The Homefinding & Fostering Agency, as one of the first independent fostering agencies to be established, welcomes the review of fostering in England by Sir Martin Narey and Mark Owers, which was published this week.

The report came with 36 recommendations, covering the breadth of fostering services, including effectiveness, finance, commissioning, recruitment, matching, contact and permanence. One of the strongest messages to emerge was for children and young people to be able to belong to foster families, through love and attachment. Whilst this might sound obvious some of the experiences highlighted through the interviews conducted showed otherwise. It is time for children and young people to be cared for by foster parents, including when they live with friends and family, and no longer be seen as placements made with foster carers.  A step back in time perhaps, but now with the application of all the knowledge and expertise we have gained over the past three decades in how to keep children safer and how to support foster families better.

Having been on the DfE’s advisory group as part of this review process I am aware that none of the recommendations were been reached without a lot of deliberation and validating with stakeholders, particularly children and young people themselves.  Opportunities to ensure that the £1.7b spend on fostering is delivering its best value now exist and also there is again scope to look at why 24% of the children and young people in foster care are from Black and minority ethnic backgrounds.  This is a continued massive overrepresentation when compared to census statistics.

Foster carers do something unique and wonderful and this should be celebrated more than it is, because they change the lives of children and young people for the better. The report concludes that they do not need a professional label to do this, but do need to be treated with a higher level of professionalism than they are currently.  Few of us involved in social care do this just because it is a job, we care passionately about the lives of children and young people, but we do forget that we go home at the end of a working day, whilst foster carers continue to deliver what they do best, 24 hours a day.  It really is therefore time we fully entrust them, and support them, to do their best and to make more of the delegated authority afforded them.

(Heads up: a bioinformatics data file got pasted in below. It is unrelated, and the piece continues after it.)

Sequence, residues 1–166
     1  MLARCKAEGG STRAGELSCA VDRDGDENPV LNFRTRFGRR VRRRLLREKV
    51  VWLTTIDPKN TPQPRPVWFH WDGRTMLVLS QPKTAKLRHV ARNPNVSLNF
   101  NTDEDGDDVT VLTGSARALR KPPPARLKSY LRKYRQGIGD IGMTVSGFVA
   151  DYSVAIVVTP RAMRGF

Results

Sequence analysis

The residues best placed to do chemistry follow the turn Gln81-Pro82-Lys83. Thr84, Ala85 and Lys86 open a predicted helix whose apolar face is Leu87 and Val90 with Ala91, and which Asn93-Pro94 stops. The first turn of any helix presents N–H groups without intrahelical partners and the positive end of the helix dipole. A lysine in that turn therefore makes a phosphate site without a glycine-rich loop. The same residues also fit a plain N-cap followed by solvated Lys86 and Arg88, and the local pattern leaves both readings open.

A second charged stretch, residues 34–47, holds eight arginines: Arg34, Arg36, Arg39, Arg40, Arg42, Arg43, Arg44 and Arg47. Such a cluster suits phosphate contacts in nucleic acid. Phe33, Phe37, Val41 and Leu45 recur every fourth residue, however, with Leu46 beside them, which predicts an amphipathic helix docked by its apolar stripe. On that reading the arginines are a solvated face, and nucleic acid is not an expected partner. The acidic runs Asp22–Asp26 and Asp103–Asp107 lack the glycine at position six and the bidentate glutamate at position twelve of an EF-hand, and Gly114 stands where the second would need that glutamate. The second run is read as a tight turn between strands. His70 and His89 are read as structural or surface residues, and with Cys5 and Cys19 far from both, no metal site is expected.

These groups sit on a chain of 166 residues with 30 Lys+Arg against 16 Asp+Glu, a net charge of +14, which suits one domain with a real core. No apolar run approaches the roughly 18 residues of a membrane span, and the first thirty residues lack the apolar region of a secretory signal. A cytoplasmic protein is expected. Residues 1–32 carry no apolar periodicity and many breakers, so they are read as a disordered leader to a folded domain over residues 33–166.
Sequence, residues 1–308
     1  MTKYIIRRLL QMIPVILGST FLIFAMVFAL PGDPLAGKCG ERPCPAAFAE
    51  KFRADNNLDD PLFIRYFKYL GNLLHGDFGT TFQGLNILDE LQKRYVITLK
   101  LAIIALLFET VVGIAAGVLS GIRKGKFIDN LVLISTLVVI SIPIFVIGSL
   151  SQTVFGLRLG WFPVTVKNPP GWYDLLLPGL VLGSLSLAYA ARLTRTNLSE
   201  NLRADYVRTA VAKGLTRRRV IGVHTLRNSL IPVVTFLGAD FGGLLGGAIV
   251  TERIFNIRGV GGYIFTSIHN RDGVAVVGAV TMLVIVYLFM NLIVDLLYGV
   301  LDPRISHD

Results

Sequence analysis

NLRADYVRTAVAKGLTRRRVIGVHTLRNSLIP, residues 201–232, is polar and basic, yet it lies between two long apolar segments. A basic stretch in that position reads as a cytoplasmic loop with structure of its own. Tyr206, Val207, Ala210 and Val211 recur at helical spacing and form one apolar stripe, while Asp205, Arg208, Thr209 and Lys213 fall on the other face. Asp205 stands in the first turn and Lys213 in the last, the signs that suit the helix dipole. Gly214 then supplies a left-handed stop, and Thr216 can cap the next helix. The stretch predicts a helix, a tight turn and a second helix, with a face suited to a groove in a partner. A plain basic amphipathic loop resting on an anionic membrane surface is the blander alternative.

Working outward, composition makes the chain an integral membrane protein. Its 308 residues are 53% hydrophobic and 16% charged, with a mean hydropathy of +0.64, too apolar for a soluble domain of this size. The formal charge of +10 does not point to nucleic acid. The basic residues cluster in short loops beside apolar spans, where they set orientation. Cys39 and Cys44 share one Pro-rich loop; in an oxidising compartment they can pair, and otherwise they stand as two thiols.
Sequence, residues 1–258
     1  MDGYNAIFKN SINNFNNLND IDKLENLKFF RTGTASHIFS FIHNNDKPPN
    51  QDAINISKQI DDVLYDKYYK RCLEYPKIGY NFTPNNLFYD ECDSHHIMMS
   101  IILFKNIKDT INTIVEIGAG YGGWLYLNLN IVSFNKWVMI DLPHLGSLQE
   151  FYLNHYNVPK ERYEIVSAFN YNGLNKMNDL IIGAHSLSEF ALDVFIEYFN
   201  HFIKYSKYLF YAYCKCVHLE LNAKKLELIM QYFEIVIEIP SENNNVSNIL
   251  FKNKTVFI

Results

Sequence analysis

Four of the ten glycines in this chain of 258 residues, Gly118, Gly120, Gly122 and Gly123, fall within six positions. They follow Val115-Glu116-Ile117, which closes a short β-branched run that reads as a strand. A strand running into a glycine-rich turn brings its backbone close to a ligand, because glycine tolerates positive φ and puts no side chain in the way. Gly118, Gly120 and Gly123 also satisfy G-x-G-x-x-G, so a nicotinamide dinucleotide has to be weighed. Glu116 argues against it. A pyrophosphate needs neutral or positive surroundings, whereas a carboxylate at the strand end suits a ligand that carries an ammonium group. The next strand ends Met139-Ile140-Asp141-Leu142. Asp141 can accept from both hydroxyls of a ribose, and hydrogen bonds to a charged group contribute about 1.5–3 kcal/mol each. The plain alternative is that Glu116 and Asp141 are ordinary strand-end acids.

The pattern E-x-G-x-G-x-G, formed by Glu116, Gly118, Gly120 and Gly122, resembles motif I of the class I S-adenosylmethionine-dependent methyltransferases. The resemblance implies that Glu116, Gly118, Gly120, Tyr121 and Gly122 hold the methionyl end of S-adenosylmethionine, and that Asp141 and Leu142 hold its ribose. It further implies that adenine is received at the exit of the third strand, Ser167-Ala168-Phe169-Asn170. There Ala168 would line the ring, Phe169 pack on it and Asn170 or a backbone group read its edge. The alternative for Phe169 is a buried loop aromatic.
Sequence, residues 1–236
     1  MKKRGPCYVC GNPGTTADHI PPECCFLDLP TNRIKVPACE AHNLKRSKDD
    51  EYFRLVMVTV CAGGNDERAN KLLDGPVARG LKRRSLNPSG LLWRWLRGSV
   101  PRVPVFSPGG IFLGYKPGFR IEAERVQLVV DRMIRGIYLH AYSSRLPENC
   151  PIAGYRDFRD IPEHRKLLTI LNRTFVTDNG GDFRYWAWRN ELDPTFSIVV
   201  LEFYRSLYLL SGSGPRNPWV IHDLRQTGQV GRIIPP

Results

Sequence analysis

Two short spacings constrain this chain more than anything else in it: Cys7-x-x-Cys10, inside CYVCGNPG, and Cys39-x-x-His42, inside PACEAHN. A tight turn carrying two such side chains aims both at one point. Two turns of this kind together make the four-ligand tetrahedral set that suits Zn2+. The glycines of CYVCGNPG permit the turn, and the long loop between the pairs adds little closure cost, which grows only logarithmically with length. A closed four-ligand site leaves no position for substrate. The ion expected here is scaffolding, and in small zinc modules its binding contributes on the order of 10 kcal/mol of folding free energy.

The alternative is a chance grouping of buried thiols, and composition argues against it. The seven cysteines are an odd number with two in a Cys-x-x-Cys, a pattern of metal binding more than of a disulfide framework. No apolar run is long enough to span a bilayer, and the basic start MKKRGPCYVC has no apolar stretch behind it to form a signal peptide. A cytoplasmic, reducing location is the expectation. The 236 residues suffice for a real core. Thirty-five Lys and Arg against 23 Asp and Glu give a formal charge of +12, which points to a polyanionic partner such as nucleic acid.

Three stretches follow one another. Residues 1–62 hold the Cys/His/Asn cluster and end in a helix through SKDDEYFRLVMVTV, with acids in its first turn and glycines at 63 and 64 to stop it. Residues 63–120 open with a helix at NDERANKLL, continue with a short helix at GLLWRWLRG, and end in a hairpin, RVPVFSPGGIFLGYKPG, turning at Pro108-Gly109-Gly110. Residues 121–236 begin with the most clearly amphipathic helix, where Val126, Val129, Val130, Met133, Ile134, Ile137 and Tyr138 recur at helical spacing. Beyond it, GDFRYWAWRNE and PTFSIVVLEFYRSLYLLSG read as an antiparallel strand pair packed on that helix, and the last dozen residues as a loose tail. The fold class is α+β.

Recommendations from the review about the removal of the independent reviewing officer role and a reduction in numbers of social workers in certain circumstances have rightly already promoted some alternative viewpoints, and ongoing consultation and evidence gathering by the DfE will inevitably inform any decisions that are made. It is therefore crucially important that these debates continue to include views and experiences of children and young people, and foster carers themselves.

Having worked with children and young people needing permeance throughout my whole career, I am particularly keen to see permanent fostering arrangements strengthened.  I would like to see changes to policy, regulations and systemic issues, that currently undermine the very essence of permanence really meaning permanent, so that when children and young people need to be in foster care permanently their foster carers can act as their parents.

For a long time now fostering has felt side-lined in comparison to adoption, despite the vast majority of looked after children and young people being in foster care.  Therefore this review, alongside the findings of the Education Select Committee inquiry  bring about the opportunity for conversations around real change to begin, and to take hold.

As a sector we need to be truly open to examining all the aspects raised by it in order to understand and then achieve what is really best for children and young people in foster care.